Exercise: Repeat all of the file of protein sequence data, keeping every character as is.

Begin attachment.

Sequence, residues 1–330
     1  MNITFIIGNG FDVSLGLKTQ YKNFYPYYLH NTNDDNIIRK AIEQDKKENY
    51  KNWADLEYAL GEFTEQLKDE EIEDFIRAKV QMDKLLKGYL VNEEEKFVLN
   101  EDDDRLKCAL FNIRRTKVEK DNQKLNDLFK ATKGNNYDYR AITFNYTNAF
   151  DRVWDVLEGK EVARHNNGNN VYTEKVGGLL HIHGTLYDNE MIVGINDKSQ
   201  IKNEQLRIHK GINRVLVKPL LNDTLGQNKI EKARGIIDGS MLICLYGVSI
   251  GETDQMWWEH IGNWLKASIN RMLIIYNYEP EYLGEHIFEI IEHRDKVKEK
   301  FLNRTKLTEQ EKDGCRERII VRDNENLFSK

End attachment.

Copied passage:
Sequence, residues 1–330
     1  MNITFIIGNG FDVSLGLKTQ YKNFYPYYLH NTNDDNIIRK AIEQDKKENY
    51  KNWADLEYAL GEFTEQLKDE EIEDFIRAKV QMDKLLKGYL VNEEEKFVLN
   101  EDDDRLKCAL FNIRRTKVEK DNQKLNDLFK ATKGNNYDYR AITFNYTNAF
   151  DRVWDVLEGK EVARHNNGNN VYTEKVGGLL HIHGTLYDNE MIVGINDKSQ
   201  IKNEQLRIHK GINRVLVKPL LNDTLGQNKI EKARGIIDGS MLICLYGVSI
   251  GETDQMWWEH IGNWLKASIN RMLIIYNYEP EYLGEHIFEI IEHRDKVKEK
   301  FLNRTKLTEQ EKDGCRERII VRDNENLFSK